October is National Ergonomics Month so I thought I would take this opportunity to do a deep dive on what ergonomics is and provide practical tips to create an environment that supports our health and well-being. A little insight on me, I have my bachelor's degree in Kinesiology so I geek out on this stuff.
Ergonomics is the science of designing the workplace to optimize human well-being and overall performance. A third of our day is spent at work which post-pandemic looks slightly different for every individual. I am definitely guilty of sitting criss-cross applesauce with a dog in my lap and my computer on a coffee table on my WFH days (it’s no wonder I wake up feeling like I’m 32 going on 62). But truly, if we spend one-third of our days working—which equates to about 90,000 hours over an average lifetime—why not try to create an environment that supports our bodies? After all, we only get one.
It seems like a no-brainer to me. Investing in an ergonomic workplace means the employees feel better physically, which would increase productivity, decrease inefficiencies, and lead to happier, healthier employees. There are plenty of studies that back up my logic. Just to cite a few…
- A study published in the "Journal of Occupational and Environmental Medicine" found that companies that invested in ergonomic interventions reported a median productivity increase of 17%.
- According to a report by the International Journal of Environmental Research and Public Health, the use of sit-stand desks can lead to a 46% increase in productivity compared to colleagues in a standard fixed-height desk… FORTY SIX PERCENT!
Increasing my productivity by 17% is like adding an hour and a half to my day. Shout out to all my peeps who agree there’s not enough time in the day! There are some basic principles to follow to create a more ergonomic workspace. Start with a task chair, height-adjustable desk, keyboard tray, monitor arm, proper lighting, and a soft mat for standing.
The Task Chair
It’s not just about having a great ergonomic chair, although that makes a big difference. Each body type will find one chair more comfortable than another. Once you find a chair that works for you, you’ll need to follow a few steps to make sure you’re using the chair correctly. No, criss-cross applesauce here either.
- Adjust the seat height so that your knees are at a 90-degree angle and your feet are flat on the floor.
- Slide the seat forward or back so that you have about two or three fingers space between the back of your knee and the edge of the seat pan.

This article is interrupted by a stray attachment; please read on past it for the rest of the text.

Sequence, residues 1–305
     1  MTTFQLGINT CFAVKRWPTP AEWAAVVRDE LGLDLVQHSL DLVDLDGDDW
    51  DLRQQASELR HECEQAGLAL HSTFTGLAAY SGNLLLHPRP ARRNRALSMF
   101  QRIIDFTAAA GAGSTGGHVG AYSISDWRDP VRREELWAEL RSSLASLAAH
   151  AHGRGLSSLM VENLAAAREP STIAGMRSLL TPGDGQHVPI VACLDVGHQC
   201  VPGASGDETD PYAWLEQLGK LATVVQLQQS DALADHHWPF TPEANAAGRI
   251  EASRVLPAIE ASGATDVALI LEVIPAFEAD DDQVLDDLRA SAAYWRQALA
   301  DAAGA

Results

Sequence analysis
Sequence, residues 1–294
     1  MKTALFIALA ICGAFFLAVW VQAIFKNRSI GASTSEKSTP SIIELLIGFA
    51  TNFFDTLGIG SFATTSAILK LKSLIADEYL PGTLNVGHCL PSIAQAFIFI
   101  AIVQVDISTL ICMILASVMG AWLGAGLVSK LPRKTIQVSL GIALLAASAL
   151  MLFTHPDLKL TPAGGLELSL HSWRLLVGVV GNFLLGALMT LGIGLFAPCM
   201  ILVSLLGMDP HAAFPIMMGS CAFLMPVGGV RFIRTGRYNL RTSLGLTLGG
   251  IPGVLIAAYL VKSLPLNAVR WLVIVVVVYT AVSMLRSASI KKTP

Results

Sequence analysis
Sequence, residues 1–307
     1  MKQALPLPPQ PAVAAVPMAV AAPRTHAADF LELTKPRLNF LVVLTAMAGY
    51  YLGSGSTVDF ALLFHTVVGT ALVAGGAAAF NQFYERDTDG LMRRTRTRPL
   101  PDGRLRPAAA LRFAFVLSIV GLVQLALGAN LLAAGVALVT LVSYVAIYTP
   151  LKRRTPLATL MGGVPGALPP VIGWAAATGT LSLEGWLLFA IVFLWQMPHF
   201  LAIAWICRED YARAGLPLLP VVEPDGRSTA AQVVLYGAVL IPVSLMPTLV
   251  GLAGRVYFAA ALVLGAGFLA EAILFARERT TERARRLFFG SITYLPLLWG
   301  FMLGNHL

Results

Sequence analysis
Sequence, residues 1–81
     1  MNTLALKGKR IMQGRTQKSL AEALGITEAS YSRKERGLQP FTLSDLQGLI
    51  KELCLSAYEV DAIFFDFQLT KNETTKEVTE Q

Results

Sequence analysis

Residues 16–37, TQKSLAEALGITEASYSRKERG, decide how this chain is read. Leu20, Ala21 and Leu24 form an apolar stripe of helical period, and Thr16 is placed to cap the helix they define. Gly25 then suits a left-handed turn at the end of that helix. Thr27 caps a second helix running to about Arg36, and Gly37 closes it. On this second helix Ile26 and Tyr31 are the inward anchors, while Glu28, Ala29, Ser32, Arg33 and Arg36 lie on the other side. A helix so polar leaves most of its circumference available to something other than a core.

- Adjust the lumbar support to support the natural C-curve in your back
- Set the back tilt tension to support your natural curvature
- Adjust the armrest height so that your forearms are parallel to the ground
- If your chair has a seat tilt, adjust so that your hips and thighs are comfortable.
My personal favorite chair right now is the Zody LX. The Zody is the first and only chair backed by the Physical Therapy Association, and for good reason. As a chronic “percher”, the dual posture (seat tilt) option keeps my back fully supported even when I sit on the edge of my desk.
Height Adjustable Desk
AKA a sit-to-stand desk, allows the user to work from a standing posture. There is a long list of benefits to having a height-adjustable desk, but the ones I notice the most are increased alertness, increased blood flow, and reduced back pain. I used to run to the coffee machine at the first sign of fatigue but now my initial thought is to get out of my chair and stand for a bit.
There’s no shortage of height-adjustable desks on the market, my current favorite is the C9 by Watson. The desk design is clean and simple, you’d hardly even know it has sit-to-stand capabilities.
Carpal Tunnel surgery is the #2 musculoskeletal surgery performed each year, only second to back surgery. Having proper wrist alignment, meaning a well-positioned keyboard and an ergonomic mouse prevents strain on the wrist, arms, and shoulders. Not to mention, having a keyboard tray means you have one less thing on your desk and more room for fun activities!
Humanscale, a leader in ergonomic products, even allows you to customize your own keyboard tray to accommodate your individual needs.
The most ergonomic position for your monitor to be at is eye level. Working on something like a laptop doesn’t allow you to easily adjust the height of your monitor and can lead to poor posture, neck fatigue, and overall discomfort. By using a monitor arm, you can adjust throughout the day to reduce eye strain, especially if the lighting in your office changes throughout the day.
Besides reducing eye strain, having the proper lighting in your workspace decreases the likelihood you’ll be bent over like a hobbit trying to see clearly. It’s also super helpful when you’re completing multiple tasks that may require more or less light… like selecting finish samples. ;)
The Pablo Lim360 provides full dim control and a 360-arm swivel. Plus, she’s cute.
As much as I love standing at my desk, there is no denying my little feet get tired. Studies show that using a comfort mat can reduce fatigue by 50%, which by now you can recognize means you’ll be able to stand longer and be even more productive! Additionally, using a soft mat promotes micromovements such as weight shifts, which will improve blood circulation.
The Winston mat, by HAT Collective, is a simple solution that can be an absolute game changer in your ergonomic workplace.
There is so much data out there showing that ergonomics in the workplace not only increases productivity but decreases costs spent on medical bills that can be avoided. It is our job as designers, furniture gurus, and thought leaders to promote an ergonomic culture within the workplace. That includes all of the above as well as encouraging daily movement, mental health practices, and overall well-being.
Contact us to learn more about how we can help you with your ergonomic workplace.